I have the BR.1 version but will need to complete four kits I have on the go first.  I might jump the queue with the Camel though.   

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Looking good, loving the instrument panel.

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Very nice job so far. Looking forward to the rest of your build.

 

I have a BR1 and 2F1 that have joined the stash. Gotta finish off the Hisso Se5a before getting into them.

 

regards,

Devo

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John how did you attach the control lines to the rudder bar?

 

I thought I would connect them as instructed into the projecting brackets on the bar but it is just too narrow for my drill bit without risking making a pigs ear of it.

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I'm enjoying this already. You make it look easy though so I must keep reminding myself that I don't have those skills. It does make me want to try though.

 

Duncan B

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19 hours ago, Beardie said:

John how did you attach the control lines to the rudder bar?

 

I thought I would connect them as instructed into the projecting brackets on the bar but it is just too narrow for my drill bit without risking making a pigs ear of it.

 

Hi Beardie, I brushed accelerator on the rudder bar then dipped the tip of the fishing line in cyano and attached it. It grabs pretty quickly so you have to be accurate.

Trouble is, 3 of them pinged off when I pulled them tight and trying to re-attach them in amongst all the birdcage of framework isn't easy and I made a bit of a botch job of it. At least is is pretty much invisible down there. On my next one I might try stretched sprue.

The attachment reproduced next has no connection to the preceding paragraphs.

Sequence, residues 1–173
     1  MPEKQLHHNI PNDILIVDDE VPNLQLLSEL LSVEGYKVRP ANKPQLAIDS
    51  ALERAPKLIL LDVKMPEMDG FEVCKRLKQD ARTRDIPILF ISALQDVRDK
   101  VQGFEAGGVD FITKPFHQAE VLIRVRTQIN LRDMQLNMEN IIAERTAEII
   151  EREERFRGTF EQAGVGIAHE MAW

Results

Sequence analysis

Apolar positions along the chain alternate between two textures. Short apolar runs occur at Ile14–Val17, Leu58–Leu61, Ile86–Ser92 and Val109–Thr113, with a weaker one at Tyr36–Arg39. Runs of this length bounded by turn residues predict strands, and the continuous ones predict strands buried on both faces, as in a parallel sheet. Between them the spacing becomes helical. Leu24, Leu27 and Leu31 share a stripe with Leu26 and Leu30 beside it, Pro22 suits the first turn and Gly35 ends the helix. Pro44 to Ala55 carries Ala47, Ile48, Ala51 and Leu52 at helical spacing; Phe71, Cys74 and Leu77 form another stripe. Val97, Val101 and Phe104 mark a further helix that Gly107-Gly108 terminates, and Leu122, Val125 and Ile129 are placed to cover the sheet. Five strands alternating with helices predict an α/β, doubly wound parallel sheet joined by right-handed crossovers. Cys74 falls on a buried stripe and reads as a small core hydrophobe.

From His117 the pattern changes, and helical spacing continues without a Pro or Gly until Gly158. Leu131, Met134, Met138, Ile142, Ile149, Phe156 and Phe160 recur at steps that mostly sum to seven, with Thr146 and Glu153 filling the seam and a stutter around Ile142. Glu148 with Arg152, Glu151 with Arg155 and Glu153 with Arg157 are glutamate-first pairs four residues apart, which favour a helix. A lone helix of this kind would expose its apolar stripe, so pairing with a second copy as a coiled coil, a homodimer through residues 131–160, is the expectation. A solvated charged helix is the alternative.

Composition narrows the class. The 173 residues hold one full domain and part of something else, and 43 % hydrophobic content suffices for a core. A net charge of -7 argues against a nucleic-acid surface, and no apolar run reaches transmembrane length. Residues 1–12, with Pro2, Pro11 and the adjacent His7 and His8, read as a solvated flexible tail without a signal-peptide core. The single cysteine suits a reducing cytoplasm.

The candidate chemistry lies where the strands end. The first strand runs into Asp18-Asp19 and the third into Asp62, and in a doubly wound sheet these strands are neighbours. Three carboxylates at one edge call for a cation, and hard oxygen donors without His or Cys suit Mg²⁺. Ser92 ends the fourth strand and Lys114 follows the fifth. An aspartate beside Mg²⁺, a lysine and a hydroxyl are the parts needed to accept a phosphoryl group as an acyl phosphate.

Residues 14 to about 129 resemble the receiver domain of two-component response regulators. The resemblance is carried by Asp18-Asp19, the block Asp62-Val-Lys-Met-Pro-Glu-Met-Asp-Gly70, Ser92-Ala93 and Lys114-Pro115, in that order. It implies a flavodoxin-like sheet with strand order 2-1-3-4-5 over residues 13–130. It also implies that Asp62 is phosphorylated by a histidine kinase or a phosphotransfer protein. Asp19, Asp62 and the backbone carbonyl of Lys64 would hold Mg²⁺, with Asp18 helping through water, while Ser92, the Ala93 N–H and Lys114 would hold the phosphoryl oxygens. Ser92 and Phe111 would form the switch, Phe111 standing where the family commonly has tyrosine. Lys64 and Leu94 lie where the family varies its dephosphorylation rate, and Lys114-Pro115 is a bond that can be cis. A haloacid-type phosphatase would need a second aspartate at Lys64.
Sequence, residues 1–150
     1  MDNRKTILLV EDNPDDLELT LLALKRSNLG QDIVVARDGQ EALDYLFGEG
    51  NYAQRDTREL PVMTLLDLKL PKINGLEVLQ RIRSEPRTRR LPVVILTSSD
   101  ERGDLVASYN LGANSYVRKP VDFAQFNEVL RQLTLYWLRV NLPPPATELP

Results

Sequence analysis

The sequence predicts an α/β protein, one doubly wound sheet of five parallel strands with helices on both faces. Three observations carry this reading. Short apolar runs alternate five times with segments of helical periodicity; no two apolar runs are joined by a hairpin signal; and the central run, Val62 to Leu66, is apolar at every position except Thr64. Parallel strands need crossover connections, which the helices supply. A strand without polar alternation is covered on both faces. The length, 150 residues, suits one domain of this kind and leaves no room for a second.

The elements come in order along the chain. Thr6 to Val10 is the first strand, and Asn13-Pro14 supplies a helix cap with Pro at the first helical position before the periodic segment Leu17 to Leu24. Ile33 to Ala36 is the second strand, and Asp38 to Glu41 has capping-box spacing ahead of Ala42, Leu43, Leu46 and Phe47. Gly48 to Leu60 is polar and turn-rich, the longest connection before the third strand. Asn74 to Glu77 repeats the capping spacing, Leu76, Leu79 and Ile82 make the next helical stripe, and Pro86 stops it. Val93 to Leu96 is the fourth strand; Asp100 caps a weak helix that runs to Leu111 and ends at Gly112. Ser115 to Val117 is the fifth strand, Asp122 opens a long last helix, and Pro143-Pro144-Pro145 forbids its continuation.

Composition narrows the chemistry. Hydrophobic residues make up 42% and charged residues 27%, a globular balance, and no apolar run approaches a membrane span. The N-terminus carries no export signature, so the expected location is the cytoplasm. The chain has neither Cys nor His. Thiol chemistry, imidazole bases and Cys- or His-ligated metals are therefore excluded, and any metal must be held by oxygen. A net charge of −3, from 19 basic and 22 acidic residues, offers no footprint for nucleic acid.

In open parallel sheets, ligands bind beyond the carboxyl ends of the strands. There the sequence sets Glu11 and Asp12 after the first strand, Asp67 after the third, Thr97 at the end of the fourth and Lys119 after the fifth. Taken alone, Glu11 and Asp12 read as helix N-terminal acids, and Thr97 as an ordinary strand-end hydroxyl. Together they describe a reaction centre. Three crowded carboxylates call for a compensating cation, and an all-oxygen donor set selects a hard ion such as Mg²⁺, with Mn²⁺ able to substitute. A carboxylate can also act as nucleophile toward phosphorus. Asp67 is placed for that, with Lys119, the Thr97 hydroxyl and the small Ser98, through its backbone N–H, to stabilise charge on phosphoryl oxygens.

The idea was to do the attchments while the ruddr bar was easily accesible. Oh well!

The whole cockpit unit is now together, I just need to do the internal bracing on the side frames. I think I'll take the stretched sprue route for that.

 

Cheers

 

John

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Hi John,

That is the very thing I was concerned might happen. I tend to find that they just don't have the 'grip' if they are not into drilled holes. After a bit of thought about the process I decided to drill in with a 0.3mm bit at an angle at the top and bottom of the projecting brackets and glued them in. Not ideal but seems to be fairly strong although I haven't assembled the cockpit yet so there is still a chance they will come undone at that point. The control column cables are scaring me though :o Did you find rigging up into the guides in the cockpit easy enough or is it tricky?

 

I agree with you that it is probably wise to attach the lines to the rudder bar prior to putting the cockpit together. I reckon it would be near impossible once the cockpit is assembled unless, perhaps, you drilled fine holes right through the rudder bar allowing you to thread lines in from the front after everything is in place but it would definitely weaken the rudder bar considerably.

 

Marty